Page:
The actors also surprised me from the jump. Jaden Smith is truly his father’s son, delivering a performance that manages to carry a 2.5-hour movie with him located in nearly every frame. He’s cute without being sugarcoated– he has the same sort of ego and swagger at times that his dad carries so effortlessly. When he’s talking himself up and smirking, it’s impossible to not think of Jaden in ten years starring in the same roles his dad played. He also is clearly doing many, if not all, of his own stunts, which adds some additional stakes to the action scenes. His moments of young romance with newcomer Wenwen Han have a real sweetness, and although she likes him a little too soon for realism, it’s the traditional love-at-first-sight, and their connection feels real for mostly inexperienced actors. Another newcomer, Rongguang Yu, is literally pitch-perfect at the villain– in a way, he outdoes the punk kid in the original. In the original, he was obviously a punk, a threat more because of his relative size than his actual volatility and skill. This kid seems legitimately tilted, with the most intense stare this side of Javier Bardem in No Country For Old Men, and karate skills that at least send him toe-to-toe for a minute or so with Jackie Chan.

This is easily Jackie Chan’s best English-speaking performance to date– by a lot. He shows some true dramatic chops, and he makes Master Han heartbreaking at moments. This script gives Han some real flaws, some more darkness than Mr. Miyagi had. This gives his character a farther path to travel, and Chan changes notably over the course of the film. The little changes make this remake work. The issue of race, while never addressed, add to the outsider feeling– everyone keeps asking if they can touch the black characters’ hair, and there’s a subtext of the parents’ distrust of Dre before they even meet him. The issue of the main character’s ages also comes into play, as watching Ralph Macchio get beat senseless never evoked the same sort of cringes as watching an 11-year-old get truly whooped by six bigger kids. No, this film is still inferior to the original– the storytelling isn’t as sharp, and while I never once checked my watch during the 150 minute run time, some of this film likely could have been condensed. Still, this is an argument that not every remake should be immediately dismissed. On paper, this movie should have sucked. Instead, we get a film that got applause SIX times in my theater. Any film can get cheap applause once– getting earned applause six times shows the movie works. They keep the same elements, but it seems fresh. It’s like a classic car getting a new layer of wax.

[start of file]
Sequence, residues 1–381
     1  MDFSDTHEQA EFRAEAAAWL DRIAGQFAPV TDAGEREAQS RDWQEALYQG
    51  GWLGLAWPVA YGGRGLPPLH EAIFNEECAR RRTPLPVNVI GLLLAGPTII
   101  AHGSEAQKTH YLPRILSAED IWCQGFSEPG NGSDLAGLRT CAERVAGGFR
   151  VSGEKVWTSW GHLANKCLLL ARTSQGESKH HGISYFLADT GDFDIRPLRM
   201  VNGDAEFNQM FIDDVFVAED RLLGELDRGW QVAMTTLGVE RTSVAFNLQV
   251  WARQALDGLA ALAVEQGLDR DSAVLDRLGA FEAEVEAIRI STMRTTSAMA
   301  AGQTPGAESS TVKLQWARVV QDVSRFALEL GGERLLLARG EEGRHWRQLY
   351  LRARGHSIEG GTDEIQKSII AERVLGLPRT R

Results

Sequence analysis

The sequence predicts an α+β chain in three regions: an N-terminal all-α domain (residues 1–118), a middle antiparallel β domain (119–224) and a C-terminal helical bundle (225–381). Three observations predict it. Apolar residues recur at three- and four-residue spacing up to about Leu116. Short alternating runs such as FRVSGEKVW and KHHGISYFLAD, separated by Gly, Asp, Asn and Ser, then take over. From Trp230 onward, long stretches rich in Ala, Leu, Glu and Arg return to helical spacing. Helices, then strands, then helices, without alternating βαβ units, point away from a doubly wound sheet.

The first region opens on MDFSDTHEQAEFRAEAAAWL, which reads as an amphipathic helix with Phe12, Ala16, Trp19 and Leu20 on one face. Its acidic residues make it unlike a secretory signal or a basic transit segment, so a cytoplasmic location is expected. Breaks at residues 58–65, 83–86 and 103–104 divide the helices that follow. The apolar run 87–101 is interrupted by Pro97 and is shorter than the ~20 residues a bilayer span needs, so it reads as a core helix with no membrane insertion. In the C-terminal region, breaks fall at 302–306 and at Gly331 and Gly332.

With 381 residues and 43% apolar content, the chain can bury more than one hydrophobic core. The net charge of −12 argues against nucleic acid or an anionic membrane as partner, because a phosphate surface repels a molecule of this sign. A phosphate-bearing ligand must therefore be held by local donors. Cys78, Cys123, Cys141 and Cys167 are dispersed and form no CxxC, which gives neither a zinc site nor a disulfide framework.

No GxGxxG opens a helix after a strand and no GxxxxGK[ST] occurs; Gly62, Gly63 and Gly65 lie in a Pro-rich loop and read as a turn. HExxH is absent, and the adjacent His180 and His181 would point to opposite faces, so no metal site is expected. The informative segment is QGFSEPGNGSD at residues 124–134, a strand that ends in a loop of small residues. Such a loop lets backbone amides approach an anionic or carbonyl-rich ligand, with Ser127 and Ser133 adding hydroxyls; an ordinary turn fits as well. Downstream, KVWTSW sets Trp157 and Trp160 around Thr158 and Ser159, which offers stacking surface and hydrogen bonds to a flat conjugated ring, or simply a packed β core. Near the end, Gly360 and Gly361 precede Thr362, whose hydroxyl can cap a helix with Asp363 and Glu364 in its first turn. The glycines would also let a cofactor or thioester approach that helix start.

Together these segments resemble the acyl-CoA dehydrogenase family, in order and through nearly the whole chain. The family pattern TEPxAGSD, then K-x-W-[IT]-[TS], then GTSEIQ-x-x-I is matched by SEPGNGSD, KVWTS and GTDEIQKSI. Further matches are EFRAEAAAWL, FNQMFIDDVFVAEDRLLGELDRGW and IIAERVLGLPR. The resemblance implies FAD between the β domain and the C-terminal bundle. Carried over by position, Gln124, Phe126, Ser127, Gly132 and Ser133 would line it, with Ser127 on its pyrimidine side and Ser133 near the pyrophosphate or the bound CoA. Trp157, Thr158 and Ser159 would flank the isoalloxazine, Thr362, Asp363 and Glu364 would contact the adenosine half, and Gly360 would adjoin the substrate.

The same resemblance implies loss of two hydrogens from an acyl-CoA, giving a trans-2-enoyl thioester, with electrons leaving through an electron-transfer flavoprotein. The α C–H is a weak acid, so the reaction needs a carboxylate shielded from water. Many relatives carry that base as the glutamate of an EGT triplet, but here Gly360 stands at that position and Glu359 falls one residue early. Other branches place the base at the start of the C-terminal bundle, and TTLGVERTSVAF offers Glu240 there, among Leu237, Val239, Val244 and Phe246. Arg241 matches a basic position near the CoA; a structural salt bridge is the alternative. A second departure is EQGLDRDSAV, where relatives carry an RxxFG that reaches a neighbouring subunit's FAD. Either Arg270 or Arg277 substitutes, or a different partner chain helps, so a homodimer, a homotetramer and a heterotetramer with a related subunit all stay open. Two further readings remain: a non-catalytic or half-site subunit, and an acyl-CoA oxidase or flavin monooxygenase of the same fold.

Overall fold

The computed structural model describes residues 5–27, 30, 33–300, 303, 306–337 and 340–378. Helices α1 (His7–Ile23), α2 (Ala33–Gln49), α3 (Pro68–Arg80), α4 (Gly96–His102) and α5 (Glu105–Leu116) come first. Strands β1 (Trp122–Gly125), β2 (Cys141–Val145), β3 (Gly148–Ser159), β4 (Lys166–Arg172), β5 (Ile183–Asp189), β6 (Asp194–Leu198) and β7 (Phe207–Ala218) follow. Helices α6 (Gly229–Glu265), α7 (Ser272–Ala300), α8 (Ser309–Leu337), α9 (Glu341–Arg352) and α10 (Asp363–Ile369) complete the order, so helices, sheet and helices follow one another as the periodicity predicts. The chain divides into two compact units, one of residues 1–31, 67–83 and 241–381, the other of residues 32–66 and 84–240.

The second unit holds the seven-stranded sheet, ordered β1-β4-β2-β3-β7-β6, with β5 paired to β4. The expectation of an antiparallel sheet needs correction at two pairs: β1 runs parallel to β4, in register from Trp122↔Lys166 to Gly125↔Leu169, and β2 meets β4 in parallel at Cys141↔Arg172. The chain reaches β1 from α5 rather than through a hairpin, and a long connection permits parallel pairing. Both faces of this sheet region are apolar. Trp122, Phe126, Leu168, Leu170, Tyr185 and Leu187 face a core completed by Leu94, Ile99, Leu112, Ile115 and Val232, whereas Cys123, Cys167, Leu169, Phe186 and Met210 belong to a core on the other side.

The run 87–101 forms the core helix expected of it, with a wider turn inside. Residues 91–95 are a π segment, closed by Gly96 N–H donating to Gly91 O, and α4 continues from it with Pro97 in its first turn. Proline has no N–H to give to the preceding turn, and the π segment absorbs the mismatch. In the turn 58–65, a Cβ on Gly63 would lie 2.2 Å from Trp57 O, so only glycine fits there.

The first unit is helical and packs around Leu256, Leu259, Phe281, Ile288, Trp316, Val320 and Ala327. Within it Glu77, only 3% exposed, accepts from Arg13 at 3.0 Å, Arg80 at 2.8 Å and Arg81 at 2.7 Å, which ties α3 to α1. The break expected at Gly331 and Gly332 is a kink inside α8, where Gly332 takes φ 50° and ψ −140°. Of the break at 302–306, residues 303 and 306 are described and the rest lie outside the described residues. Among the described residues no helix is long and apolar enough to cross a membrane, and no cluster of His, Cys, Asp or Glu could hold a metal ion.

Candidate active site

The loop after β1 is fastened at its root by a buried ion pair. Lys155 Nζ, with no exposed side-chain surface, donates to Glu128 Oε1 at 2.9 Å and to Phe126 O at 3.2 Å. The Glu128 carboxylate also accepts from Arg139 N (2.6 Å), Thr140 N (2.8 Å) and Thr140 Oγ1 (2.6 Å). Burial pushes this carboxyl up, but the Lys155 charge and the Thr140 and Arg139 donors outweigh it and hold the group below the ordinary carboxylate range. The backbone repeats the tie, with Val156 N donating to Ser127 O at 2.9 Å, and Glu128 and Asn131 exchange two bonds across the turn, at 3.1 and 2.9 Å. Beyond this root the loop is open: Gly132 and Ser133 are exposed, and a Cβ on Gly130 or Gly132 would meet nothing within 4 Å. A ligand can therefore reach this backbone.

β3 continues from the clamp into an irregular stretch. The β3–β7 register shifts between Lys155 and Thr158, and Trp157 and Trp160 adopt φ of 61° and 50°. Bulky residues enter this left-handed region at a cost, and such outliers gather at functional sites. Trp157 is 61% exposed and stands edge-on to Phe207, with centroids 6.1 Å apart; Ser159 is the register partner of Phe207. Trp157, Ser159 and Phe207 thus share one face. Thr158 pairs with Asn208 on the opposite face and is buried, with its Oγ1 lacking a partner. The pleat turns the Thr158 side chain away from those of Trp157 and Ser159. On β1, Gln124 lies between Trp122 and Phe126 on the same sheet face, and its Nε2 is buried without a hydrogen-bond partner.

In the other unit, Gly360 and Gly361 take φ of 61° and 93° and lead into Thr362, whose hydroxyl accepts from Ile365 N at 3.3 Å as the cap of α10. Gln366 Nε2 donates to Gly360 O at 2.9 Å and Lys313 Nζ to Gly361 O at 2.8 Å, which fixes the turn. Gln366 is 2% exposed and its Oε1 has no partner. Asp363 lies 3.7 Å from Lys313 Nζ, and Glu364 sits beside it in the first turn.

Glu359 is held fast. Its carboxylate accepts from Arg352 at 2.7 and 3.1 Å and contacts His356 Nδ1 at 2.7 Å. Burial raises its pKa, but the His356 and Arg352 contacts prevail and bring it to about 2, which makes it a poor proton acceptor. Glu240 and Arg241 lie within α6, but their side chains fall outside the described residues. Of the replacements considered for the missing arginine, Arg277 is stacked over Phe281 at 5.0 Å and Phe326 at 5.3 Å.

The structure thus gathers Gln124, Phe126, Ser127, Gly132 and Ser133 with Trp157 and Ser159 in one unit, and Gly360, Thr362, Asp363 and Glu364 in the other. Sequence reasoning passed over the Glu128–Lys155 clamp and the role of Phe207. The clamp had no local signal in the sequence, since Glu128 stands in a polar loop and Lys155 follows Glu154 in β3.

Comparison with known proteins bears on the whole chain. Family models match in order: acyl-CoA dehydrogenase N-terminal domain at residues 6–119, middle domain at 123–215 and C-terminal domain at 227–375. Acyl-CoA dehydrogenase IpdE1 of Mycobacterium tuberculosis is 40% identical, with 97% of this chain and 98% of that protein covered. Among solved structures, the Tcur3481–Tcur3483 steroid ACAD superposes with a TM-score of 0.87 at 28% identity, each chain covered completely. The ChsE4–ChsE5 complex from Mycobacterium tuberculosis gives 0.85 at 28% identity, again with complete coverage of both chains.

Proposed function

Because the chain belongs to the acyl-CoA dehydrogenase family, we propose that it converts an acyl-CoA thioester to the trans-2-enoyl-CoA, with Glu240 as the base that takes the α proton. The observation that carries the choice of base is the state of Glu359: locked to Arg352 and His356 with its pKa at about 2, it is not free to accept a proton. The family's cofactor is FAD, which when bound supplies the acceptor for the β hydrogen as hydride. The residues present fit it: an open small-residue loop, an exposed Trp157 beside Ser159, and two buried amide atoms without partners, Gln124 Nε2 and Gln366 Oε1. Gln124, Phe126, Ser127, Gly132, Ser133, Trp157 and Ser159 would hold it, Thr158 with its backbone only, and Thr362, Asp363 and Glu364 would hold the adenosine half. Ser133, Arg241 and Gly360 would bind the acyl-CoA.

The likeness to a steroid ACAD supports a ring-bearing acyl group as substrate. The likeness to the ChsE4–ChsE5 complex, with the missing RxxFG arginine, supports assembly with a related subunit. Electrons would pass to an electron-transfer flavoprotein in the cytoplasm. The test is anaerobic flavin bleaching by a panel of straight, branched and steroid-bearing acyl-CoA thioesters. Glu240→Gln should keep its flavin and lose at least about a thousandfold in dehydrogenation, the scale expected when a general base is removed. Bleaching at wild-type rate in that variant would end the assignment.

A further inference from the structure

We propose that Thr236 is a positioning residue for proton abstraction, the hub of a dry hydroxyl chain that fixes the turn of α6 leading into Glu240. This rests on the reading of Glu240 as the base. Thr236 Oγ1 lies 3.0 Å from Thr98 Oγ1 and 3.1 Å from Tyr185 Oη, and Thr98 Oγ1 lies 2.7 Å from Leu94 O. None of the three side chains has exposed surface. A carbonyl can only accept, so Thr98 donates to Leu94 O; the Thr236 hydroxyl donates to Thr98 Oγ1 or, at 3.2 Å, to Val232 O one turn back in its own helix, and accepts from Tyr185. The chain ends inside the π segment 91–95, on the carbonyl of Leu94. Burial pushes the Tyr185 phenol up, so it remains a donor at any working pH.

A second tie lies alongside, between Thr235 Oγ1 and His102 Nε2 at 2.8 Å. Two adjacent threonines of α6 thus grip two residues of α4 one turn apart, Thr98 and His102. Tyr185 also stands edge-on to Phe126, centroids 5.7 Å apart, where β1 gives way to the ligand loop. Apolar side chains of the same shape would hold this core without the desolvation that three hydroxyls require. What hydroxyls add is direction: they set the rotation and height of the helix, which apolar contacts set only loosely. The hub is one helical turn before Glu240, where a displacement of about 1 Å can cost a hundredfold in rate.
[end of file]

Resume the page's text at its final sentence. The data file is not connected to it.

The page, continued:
~ by russellhainline on June 14, 2010.

One Response to “The Karate Kid: It’s the Best… Around!”

  1. […] Picture: 25. Tangled 24. Cyrus 23. The Town 22. Terribly Happy 21. Shutter Island 20. The Karate Kid 19. Another Year 18. Exit Through The Gift Shop 17. Animal Kingdom 16. Let Me In 15. I Love You […]